Sen. Ray Scott nailed the Interior Department’s bogus listening tour on mining held in Denver last week as nothing but a microphone for radical activists to give their “leave coal in the ground” campaign a public forum.
In a Daily Sentinel opinion piece, the Grand Junction Republican correctly questions Secretary Sally Jewell’s motivations, and suggests the tour merely foreshadows the Obama administration’s intention to cripple and eliminate the coal industry.
Jewell says that she wants an “open and honest conversation about modernizing the federal government’s coal (leasing) program…and about whether the taxpayers are getting a fair return from public resources.” I don’t believe a word she says. I think these listening sessions have less to do with “honesty” and much more to do with separating coal miners in Colorado and throughout the West from their jobs.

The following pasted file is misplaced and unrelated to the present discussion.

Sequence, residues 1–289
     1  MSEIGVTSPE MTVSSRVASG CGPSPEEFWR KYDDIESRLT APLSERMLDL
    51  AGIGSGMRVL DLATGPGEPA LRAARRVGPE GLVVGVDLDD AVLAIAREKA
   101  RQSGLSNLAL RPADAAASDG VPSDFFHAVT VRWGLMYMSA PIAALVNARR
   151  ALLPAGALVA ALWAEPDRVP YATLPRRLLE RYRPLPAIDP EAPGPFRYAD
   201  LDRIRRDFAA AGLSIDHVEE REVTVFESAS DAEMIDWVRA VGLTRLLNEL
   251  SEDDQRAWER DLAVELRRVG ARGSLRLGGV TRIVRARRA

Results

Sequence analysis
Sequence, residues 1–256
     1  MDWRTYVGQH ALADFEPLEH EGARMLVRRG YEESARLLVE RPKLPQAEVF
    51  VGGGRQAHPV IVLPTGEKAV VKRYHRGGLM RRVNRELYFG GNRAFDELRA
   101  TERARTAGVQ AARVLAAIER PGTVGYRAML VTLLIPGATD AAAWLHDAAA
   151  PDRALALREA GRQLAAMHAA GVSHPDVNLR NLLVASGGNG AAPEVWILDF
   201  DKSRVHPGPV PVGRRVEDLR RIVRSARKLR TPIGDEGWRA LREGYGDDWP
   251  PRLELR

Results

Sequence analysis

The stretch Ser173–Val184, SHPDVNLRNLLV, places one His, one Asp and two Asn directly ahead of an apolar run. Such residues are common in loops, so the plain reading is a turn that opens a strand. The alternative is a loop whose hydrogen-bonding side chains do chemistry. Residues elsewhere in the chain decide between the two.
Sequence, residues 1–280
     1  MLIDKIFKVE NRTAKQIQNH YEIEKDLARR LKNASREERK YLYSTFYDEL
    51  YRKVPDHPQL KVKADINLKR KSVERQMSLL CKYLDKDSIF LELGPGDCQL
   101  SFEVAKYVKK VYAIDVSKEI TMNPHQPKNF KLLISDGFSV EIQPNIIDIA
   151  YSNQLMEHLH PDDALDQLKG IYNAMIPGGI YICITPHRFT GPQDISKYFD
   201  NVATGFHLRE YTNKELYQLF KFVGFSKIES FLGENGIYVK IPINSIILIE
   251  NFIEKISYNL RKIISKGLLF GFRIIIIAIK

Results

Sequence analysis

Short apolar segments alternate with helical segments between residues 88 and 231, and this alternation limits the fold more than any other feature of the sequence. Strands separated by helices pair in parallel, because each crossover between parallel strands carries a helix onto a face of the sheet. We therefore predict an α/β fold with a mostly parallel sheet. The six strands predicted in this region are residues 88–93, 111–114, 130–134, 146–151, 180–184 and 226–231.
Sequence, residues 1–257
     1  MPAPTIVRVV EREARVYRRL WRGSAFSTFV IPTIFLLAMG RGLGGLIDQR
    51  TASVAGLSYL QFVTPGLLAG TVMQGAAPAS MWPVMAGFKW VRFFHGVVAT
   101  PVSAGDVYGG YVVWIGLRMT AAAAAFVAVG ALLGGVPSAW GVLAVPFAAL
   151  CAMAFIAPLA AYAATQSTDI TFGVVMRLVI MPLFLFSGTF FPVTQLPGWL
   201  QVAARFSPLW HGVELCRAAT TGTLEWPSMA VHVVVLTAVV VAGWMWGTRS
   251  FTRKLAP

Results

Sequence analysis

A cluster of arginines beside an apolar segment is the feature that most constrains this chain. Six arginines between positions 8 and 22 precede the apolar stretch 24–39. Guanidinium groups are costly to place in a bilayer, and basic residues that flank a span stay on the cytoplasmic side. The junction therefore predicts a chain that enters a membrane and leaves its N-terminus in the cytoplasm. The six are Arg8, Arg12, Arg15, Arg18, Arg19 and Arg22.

We don’t believe her, either.
The mixed messaging from national environmental groups performing with this travelling circus makes theirs, and the administration’s intentions, as clear as river water that’s never been fouled by the EPA: Raise the royalties, they initially implore, but leave the coal in the ground.
Leaving the ridiculous behind and focusing on the royalty issue, Scott argues that coal already pays up to nearly 13 percent in royalties, plus sales taxes, severance taxes, and excise taxes for an annual outlay in Colorado of more than $100 million from just eight mines.
Increasing the tax burden will only serve to drive coal further to the edge, deprive public schools of an important source of revenue from federal leases, and increase electricity rates for those who can least afford it.
The national environmental movement could give two figs whether the coal industry is taxed into oblivion, but at some point they need to pause and consider what that money is providing.
Eliminating funding for schools and turning the lights out on the poor are perverse goals they’ve neglected to mention in their talking points.